Ness Proposes New Way to Charge for Water Use
By Brandon Stahl, Duluth News-Tribune, Minn.
Aug. 7–Duluth Mayor Don Ness’ administration is proposing an ordinance that would cut the “sprinkling allowance,” which would save the city money while promoting water conservation. But it also would increase sanitary sewer fees — with two city councilors claiming it could triple or quadruple them.
The allowance was created by the city several years ago as a way to determine how much to charge residents for sanitary sewer costs in the summer. The city bases those charges on the amount of water consumers use during the winter, with the assumption that the extra water in the summer is used for activities such as washing cars, gardening or sprinkling lawns, and not going into the sanitary sewer system for treatment.
The city is asking the council to waive the sprinkler allowance, which Ness calls a discount to residents, and is proposing to base residents’ sanitary sewer bills on the full amount of water used in the summer months.
The reason, he said, is that the city has no way to track actual use of sanitary sewer treatment and might not be adequately recouping its costs.
“We need a true reflection of the costs to the public in providing those services,” he said.
Another issue is water conservation, he said.
“We in Duluth need to take our responsibility of conservation of our fresh-water resource very seriously,” Ness said. “By having a policy in which we’re essentially subsidizing sprinkling of lawns, it’s not a policy that encourages conservation.”
Others say the proposed change is wrong, noting that the change would substantially add to what already are among the highest sanitary sewer fees in the Upper Midwest.
Councilor Jim Stauber said he uses about four times the water in the summer as in the winter, but he said that water doesn’t go into the sanitary system for treatment; it evaporates or goes into the storm water system. The sanitary sewer charges on his monthly bill, he said, would quadruple in the summer to about a $100 a month.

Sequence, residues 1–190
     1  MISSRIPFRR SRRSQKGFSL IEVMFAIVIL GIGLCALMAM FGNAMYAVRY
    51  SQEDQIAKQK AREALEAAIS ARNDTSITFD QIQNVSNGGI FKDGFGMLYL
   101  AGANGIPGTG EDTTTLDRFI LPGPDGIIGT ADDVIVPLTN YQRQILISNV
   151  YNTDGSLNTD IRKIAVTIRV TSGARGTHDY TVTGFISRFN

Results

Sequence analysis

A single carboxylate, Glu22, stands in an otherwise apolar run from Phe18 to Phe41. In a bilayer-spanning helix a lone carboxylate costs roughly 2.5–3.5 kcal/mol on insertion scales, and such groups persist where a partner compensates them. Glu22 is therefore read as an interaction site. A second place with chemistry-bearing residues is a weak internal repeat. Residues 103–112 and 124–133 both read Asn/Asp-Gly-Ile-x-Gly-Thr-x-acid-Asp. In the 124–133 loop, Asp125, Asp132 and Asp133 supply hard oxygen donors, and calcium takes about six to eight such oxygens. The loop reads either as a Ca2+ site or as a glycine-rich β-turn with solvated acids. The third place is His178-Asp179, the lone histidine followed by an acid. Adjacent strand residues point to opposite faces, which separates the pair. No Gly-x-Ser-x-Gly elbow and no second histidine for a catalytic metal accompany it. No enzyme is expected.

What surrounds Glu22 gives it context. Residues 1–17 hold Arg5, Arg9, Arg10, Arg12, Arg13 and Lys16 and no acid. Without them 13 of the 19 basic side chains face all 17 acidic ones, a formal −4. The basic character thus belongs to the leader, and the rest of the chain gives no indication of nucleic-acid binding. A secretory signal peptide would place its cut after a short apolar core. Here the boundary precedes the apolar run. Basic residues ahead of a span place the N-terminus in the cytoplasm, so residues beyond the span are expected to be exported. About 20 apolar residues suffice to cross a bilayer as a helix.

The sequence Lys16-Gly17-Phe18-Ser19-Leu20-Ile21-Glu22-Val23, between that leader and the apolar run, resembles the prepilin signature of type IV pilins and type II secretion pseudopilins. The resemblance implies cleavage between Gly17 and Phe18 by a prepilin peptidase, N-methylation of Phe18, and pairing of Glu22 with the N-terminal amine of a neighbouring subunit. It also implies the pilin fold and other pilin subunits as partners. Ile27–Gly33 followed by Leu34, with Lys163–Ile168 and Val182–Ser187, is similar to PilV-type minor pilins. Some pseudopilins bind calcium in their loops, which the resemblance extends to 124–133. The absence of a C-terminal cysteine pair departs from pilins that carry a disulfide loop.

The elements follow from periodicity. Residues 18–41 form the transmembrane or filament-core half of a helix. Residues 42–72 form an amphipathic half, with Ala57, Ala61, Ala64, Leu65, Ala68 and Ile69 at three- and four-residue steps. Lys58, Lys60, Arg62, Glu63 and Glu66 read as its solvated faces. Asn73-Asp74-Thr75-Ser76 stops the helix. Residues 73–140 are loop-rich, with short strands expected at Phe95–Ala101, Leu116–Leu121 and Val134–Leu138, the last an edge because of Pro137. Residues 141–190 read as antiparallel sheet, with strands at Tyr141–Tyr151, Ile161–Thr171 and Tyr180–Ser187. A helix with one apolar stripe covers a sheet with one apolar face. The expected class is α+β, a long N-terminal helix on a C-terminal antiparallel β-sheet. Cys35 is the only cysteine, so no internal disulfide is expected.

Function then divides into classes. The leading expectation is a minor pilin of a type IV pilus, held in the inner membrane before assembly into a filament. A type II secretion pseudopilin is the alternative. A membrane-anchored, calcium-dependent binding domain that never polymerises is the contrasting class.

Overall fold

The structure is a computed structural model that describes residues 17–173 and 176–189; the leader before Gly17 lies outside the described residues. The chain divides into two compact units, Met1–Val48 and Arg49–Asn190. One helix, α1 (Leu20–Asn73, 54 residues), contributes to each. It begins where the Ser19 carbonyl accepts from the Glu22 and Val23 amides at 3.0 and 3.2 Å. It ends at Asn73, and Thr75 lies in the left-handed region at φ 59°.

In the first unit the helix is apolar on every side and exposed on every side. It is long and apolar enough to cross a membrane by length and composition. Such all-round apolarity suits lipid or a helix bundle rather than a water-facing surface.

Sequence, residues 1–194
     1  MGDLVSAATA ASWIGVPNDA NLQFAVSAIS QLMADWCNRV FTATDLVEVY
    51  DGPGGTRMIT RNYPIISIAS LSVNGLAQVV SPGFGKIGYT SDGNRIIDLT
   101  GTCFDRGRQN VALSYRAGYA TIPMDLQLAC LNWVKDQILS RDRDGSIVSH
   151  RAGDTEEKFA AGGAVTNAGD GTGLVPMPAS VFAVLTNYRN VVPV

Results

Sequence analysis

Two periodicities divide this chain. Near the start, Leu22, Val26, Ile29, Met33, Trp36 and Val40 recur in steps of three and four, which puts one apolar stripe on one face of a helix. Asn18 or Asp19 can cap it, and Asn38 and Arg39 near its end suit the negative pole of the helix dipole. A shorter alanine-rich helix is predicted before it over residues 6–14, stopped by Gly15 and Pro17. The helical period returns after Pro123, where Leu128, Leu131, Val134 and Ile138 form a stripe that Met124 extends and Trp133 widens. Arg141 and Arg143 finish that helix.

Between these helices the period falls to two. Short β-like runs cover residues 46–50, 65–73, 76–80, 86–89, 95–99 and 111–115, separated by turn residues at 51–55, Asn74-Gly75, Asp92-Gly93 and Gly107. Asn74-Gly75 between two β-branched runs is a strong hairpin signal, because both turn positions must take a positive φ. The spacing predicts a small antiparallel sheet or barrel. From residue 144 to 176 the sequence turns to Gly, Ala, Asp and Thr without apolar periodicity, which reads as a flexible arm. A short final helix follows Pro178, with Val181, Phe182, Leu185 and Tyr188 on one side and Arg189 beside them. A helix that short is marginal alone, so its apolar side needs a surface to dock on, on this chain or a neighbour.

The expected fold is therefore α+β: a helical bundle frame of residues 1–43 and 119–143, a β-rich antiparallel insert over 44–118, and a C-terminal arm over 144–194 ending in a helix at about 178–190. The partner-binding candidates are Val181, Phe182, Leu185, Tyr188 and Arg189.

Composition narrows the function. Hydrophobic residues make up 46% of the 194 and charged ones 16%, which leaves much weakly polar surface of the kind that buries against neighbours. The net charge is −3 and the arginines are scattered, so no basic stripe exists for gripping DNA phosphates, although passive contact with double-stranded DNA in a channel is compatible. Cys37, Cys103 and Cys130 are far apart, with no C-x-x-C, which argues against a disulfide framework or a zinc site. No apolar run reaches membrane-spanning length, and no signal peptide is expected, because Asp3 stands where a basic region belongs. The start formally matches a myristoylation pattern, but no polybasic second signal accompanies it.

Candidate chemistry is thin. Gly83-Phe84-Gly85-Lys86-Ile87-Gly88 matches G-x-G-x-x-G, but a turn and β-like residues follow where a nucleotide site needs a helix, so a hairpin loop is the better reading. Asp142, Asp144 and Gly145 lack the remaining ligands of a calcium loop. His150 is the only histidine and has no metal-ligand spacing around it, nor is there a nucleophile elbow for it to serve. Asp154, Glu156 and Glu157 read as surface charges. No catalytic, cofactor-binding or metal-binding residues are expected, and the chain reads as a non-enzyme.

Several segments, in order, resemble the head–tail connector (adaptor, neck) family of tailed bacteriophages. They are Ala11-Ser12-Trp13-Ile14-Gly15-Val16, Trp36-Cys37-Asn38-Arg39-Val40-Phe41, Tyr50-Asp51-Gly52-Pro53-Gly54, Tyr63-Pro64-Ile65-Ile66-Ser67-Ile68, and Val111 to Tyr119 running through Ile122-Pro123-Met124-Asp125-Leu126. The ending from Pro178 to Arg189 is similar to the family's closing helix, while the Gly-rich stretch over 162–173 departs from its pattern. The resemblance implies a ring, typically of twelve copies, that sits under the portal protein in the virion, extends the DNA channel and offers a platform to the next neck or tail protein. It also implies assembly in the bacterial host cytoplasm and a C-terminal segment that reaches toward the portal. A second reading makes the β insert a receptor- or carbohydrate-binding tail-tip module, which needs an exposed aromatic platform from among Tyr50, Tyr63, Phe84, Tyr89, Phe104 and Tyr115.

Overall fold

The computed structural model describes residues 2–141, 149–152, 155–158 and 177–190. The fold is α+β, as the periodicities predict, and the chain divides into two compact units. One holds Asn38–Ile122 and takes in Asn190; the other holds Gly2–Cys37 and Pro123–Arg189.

“You’re essentially charging people for services they don’t receive,” he said. “People like me should be up in arms.”
Councilor Todd Fedora agrees.
“This ordinance is ludicrous, and I think the administration is out of control in terms of dinging people for fees and higher rates,” he said, noting a since-pulled proposal to charge for certain fire and police services, as well as a current proposal to charge home sellers $200 for sump pump inspections. “I understand the mayor’s intent to get us out of this financial conundrum, but to continually go back to families and taxpayers is not the right answer.”
Nick Petrangelo, the city’s customer service manager in the Public Works Department, said his department doesn’t have figures on how much the city will gain financially from wiping out the sprinkler allowance.
Ness said the savings would go to the utility fund and not the general fund, which has a $4.4 million deficit in 2008.
“There’s room for discussion about how the fees are charged, and a true reflection of the costs to the public in providing those services,” Ness said. “You can go round and round with those arguments, but at a fundamental level, this policy change is about trying to simplify the city’s administration of this program and encourage conservation.”
Does Duluth need to save water? Kent Lokkesmoe, the director of divisional waters for the Minnesota Department of Natural Resources, said there’s no potential for a water shortage, thanks to Lake Superior. But as for conservation, he said, “we would encourage conservation anywhere.”
BRANDON STAHL covers the Duluth community and city government. He can be reached weekdays at (218) 720-4154 or by e-mail at firstname.lastname@example.org.
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Copyright (c) 2008, Duluth News-Tribune, Minn.
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